On Thursday, leaders of Sweden and Finland met with US President Joe Biden in the White House after submitting their applications for NATO membership on Wednesday.
Here is what you need to know about what the leaders said at the press conference in Rosenträdgården after their meeting in the cabinet room.
Biden offers “strong support” for Finland’s and Sweden’s NATO bid
“Finnish and Swedish troops, they have already served shoulder to shoulder with the US and NATO forces in Kosovo, Afghanistan and Iraq. And both Finland and Sweden are already working in coordination with the United States and our other allies and partners to support the brave people of Ukraine, “said Biden, adding that the countries are already meeting everyone NATO’s demands, “and a little more.“
The Biden administration is coming submit reports to the US Congress about this NATO accession for both countries
This is “so that the Senate can effectively and quickly proceed with advice and consent to the treaty”, Biden announced on Thursday. Within the United States, at least two-thirds of the Senate must vote to approve new member states of the Defensive Alliance. Likewise the legislators in all 30 current members must approve new NATO applicants.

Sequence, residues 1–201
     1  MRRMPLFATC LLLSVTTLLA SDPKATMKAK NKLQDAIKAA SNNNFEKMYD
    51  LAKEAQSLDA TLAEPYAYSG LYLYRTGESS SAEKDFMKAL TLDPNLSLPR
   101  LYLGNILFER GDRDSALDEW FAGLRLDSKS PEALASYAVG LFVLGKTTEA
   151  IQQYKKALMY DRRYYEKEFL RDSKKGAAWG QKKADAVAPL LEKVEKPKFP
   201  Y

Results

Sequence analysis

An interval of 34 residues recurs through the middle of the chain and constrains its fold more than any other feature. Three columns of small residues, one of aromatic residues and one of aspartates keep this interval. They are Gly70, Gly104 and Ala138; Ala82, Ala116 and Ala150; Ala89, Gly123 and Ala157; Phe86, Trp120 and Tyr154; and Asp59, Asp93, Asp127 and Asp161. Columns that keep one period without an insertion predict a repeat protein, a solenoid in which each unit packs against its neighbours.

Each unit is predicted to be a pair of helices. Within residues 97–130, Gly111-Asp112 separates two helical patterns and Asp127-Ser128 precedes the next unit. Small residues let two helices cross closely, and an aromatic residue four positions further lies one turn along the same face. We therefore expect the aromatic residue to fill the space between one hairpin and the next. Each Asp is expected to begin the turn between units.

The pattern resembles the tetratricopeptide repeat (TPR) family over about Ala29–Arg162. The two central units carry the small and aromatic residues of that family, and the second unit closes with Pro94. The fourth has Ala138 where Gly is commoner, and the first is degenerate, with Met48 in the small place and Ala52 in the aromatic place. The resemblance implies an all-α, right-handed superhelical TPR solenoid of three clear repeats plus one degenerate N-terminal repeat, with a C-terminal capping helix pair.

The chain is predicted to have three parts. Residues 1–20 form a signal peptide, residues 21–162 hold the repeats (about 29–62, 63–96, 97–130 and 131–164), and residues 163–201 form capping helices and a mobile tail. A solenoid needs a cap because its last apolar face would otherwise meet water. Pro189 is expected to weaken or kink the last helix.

Leaders of Finland and Sweden expressed their hopes for rapid ratification
“Russia’s war in Ukraine has changed Europe and our security environment. Finland is taking the step to become a member of NATO “To strengthen not only our own security, but also to strengthen broader transatlantic security,” said Finnish President Sauli Niinistö.
Finland shares a 800 km long border with Russia.
The Swedish government “has come to the conclusion that the security for it The Swedish people will be best protected within NATO the alliance, and this is backed up by very broad support in the Swedish parliament, says Prime Minister Magdalena Andersson.
Turkey was also mentioned by all leaders
As Turkish President Recep Tayyip Erdogan repeated earlier on Thursday that his country “will say no to Sweden’s and Finland’s entry into NATO.”
As an explanation, he has referred to national security problems. Earlier this week, Erdogan accused both countries of hosting Kurdish “terrorist organizations.”
He was referring mainly to the Kurdistan Workers’ Party (PKK) which strives for an independent state in Turkey. The group has been in an armed struggle with Ankara for decades and has been designated a terrorist organization by Turkey, the United States and the European Union.